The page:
Juan Soto is rounding into form at the plate, and opposing pitchers are in trouble…
Do you go to Fangraphs at all? If you go there now, and you bring up Juan Soto’s stats for the first month and a half-ish of the 2022 campaign, you might notice he is chasing more pitches out of the zone than usual early this season.
Soto’s O-swing%, “Swings at pitches outside the zone/pitches outside the zone,” is sitting at 22.6% right now, as of Thursday morning (5/12), up from 15.5% in 2021, and a career mark of 20.4%.
Over at BaseballSavant, they have Soto’s Chase% at 19.8%, up from 12.2% in 2021, and his career mark of 17%.
Soto’s Zone%, “Pitches in the strike zone/Total pitches,” as defined by Fangraphs, is sitting at 36.3%, down from 41.6% in ‘21 and a career mark of 40.3%.
BaseballSavant has Soto’s Zone% at 43.8% this season, down from 47.8 in ‘21 and 46.2% in his career.
“I think he is expanding a lot more than he typically does,” Soto’s manager, Davey Martinez, told reporters before Wednesday’s matchup with the New York Mets in Washington, D.C., “and … it comes with a little bit of he wants to drive in the runs when they’re out there, but he just needs to be him, and we always talk about — I always talk to him about he’s a really good hitter when he takes his walks, so just understand that he needs to take his walks.”
Soto’s 25 walks as of Thursday morning did lead the majors (tied with the LA Dodgers’ Max Muncy), but his BB% is at 17.5%, down from 22.2% in 2021, 20.9% in 2020, and from an 18.5% career BB%.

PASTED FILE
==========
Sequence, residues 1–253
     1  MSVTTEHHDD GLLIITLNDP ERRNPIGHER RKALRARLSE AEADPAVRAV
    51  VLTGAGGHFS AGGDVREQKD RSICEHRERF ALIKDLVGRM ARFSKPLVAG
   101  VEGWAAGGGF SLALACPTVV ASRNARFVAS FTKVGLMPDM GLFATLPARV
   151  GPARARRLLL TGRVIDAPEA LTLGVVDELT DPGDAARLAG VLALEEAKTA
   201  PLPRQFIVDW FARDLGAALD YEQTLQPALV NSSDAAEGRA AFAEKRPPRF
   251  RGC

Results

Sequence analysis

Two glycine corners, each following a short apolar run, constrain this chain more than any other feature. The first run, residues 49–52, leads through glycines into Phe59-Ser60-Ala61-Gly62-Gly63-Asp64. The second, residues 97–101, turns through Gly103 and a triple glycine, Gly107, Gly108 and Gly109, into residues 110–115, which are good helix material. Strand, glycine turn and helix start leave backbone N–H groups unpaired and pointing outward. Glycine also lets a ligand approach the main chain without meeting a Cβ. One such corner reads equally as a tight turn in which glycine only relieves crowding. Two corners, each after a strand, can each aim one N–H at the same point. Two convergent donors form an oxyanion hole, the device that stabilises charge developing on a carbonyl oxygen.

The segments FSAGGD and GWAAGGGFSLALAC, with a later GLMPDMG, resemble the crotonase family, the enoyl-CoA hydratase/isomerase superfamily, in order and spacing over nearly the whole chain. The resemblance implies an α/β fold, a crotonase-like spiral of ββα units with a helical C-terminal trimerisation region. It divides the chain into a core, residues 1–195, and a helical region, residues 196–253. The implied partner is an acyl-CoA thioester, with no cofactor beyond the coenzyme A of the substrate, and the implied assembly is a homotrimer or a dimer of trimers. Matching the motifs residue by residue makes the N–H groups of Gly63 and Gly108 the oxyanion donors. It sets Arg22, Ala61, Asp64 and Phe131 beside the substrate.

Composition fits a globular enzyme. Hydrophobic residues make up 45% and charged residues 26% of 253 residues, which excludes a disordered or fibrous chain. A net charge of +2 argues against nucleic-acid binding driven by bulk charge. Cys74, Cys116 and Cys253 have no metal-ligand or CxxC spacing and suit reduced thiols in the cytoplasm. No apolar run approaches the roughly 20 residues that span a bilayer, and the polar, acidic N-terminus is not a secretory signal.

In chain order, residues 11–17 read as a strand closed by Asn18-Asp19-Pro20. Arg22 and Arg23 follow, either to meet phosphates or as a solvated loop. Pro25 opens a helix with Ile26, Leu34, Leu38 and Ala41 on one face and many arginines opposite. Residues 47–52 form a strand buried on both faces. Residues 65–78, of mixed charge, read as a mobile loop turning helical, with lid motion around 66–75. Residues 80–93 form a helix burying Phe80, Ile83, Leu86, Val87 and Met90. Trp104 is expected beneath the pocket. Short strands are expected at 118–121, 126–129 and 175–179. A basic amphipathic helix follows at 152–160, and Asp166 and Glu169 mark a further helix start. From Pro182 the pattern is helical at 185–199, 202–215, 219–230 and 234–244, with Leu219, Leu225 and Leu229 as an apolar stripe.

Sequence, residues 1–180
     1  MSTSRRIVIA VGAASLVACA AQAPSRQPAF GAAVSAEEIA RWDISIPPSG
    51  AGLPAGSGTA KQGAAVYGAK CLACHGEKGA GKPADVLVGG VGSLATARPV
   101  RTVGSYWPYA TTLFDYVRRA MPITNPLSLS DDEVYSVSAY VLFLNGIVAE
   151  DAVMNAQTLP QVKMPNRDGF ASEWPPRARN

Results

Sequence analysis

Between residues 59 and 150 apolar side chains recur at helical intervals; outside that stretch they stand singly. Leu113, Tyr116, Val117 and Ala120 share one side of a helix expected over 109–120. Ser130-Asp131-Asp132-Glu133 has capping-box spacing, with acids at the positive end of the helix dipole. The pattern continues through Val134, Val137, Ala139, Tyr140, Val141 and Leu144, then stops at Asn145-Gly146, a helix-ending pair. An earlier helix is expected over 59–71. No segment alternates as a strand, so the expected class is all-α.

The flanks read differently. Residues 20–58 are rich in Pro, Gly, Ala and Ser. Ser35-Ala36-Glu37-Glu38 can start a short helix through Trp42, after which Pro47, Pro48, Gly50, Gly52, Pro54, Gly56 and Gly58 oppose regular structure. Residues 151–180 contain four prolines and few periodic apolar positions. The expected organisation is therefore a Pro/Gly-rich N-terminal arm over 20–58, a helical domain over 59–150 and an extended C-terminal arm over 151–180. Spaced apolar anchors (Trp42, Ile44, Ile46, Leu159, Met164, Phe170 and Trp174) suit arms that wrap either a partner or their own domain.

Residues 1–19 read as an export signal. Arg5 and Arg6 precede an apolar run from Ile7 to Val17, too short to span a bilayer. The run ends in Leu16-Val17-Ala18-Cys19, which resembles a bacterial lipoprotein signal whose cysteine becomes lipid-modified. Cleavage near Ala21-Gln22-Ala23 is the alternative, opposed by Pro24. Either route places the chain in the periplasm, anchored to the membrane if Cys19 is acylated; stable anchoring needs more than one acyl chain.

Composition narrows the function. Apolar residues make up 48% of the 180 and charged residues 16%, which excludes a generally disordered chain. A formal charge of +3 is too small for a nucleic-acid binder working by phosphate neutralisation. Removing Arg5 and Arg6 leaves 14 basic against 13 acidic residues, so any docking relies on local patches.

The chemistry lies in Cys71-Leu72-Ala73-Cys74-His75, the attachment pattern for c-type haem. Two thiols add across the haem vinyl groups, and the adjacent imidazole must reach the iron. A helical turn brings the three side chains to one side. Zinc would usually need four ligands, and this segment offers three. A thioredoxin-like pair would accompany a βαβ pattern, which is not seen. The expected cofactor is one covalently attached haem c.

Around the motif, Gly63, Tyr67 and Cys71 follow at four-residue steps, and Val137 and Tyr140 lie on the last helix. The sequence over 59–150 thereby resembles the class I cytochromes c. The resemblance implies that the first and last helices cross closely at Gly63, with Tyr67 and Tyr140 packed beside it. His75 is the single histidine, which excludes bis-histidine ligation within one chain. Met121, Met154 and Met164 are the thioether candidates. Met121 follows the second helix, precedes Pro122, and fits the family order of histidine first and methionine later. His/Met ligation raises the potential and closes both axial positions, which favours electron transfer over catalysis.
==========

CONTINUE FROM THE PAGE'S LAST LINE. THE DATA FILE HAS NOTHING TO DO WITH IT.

His manager did say he expects Soto to get back in the zone and get back to the sort of advanced plate discipline he’s shown thus far in his big league career.
“100%, yeah,” Martinez said.
After Soto went 1 for 4 with a 2-run home run and a walk on Wednesday night, the fifth-year skipper said he liked what he saw, even on a fly to left that didn’t fall in for a hit.
“It’s coming,” Martinez said. “He just missed the ball to left field, I thought that was a really good swing, he just got underneath just a tad, but he’s going to hit, there’s no doubt about it, he’s going to hit.”
The home run was Soto’s 7th this season, and his 1 for 4 game left him with a .256/.392/.479 line overall on the year, but Martinez said he thinks the slugger will get back to where he’s expected to be based on what we’ve seen from him since 2018.
His homer on Wednesday night was his first this season with a runner(s) on, which, yeah it’s weird.
“I just want him to hit home runs, I want him to just hit, it so happens he was hitting them with nobody on base,” Martinez said of the previous six homers this season, “but I tell him, ‘Hey, just focus on the here and now and focus on every at-bat, every pitch like you do.”
Soto barreled up a 100.6 MPH fastball from Edwin Díaz in the ninth inning in Thursday’s series finale with the Mets, hitting his 7th solo homer and 8th home run overall 394 feet, and it came off the bat at 106 MPH.